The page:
If it is possible for a piece of medical equipment to be racist, the spirometer may hold that questionable distinction.
That is the suggestion of Dr. Lundy Braun (PhD), professor of Africana Studies and pathology and laboratory medicine at Brown University. She explores the history of the spirometer, its racist uses and continuing “race correction” in Breathing Race into the Machine: The Surprising Career of the Spirometer from Plantation to Genetics.
In a recent interview in The Atlantic, Dr. Braun noted that spirometry was used in the 1860s to show that black slaves in the U.S. had lower lung capacity than whites. The first large study purportedly showing racial differences was conducted in Union soldiers, directed by Benjamin Apthorp Gould, and published in 1869.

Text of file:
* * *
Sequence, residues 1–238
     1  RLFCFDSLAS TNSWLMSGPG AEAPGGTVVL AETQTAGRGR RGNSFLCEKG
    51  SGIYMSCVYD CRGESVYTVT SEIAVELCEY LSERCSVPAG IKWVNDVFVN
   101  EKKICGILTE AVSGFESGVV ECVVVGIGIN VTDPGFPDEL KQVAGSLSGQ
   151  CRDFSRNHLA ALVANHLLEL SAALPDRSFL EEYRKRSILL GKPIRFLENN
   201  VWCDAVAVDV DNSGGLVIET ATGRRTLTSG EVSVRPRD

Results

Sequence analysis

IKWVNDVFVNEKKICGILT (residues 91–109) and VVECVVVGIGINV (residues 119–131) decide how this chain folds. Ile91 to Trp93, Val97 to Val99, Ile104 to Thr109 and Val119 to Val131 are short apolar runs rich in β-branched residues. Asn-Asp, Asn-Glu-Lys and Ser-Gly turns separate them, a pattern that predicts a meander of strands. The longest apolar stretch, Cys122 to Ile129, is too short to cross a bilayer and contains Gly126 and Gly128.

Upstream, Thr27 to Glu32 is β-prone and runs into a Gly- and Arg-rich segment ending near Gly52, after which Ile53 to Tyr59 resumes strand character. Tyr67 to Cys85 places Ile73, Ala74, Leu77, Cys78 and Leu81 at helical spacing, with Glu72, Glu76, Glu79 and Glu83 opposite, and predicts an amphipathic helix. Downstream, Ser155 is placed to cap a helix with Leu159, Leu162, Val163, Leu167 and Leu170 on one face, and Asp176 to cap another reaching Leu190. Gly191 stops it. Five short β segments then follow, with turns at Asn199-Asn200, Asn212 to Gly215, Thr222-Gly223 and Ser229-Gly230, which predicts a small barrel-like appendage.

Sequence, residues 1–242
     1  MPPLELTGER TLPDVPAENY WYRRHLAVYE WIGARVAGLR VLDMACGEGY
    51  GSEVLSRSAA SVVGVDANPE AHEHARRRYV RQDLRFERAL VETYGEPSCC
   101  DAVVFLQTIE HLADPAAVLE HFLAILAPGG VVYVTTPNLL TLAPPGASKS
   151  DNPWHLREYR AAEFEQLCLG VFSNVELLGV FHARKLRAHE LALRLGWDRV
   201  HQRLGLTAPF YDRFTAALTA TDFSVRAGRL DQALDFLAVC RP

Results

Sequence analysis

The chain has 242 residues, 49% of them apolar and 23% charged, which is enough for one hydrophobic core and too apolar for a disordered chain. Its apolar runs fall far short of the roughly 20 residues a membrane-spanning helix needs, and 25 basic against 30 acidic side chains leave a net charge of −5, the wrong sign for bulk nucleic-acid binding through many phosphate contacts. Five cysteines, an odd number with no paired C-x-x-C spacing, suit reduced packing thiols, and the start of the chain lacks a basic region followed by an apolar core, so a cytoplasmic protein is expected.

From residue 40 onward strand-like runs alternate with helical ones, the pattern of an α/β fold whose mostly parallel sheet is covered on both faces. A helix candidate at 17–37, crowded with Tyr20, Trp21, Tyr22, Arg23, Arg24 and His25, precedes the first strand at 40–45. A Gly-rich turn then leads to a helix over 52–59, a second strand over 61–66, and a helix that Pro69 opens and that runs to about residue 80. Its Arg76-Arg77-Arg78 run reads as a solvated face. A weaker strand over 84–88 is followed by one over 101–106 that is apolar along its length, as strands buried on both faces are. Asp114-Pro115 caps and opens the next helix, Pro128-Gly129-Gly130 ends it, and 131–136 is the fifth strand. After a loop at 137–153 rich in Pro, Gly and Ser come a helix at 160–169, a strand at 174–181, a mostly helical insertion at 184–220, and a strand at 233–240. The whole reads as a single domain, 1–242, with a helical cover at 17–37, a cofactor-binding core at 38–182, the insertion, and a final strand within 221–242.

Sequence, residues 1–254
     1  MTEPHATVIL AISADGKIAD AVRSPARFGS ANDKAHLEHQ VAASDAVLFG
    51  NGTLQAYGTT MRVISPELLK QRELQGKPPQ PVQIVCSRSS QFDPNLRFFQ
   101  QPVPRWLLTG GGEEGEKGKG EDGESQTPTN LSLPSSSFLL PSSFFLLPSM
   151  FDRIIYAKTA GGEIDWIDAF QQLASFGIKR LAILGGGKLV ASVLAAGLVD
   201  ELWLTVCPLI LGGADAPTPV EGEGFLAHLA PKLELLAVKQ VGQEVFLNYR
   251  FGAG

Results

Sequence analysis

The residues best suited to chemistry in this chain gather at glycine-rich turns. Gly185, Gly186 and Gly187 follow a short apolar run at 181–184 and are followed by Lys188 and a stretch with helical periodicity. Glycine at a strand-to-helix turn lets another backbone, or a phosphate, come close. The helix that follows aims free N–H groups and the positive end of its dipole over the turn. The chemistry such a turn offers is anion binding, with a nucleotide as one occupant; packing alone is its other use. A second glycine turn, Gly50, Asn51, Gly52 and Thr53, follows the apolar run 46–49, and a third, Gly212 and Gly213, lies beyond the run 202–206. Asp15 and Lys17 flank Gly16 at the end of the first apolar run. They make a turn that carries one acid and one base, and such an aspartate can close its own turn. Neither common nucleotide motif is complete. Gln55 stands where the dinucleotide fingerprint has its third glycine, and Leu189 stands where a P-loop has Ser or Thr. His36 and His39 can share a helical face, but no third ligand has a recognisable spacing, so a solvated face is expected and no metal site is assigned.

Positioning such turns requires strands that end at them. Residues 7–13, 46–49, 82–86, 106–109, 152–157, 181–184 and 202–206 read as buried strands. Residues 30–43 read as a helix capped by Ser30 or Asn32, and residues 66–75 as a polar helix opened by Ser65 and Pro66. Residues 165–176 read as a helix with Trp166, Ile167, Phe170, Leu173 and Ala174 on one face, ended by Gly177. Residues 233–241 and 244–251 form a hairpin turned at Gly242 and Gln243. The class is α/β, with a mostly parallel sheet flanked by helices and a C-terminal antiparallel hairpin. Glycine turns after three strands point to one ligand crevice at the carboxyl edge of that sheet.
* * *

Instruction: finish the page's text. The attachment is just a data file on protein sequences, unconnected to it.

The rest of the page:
“Lung capacity difference was a deeply entrenched idea by the late 19th century,” she said. Continue reading →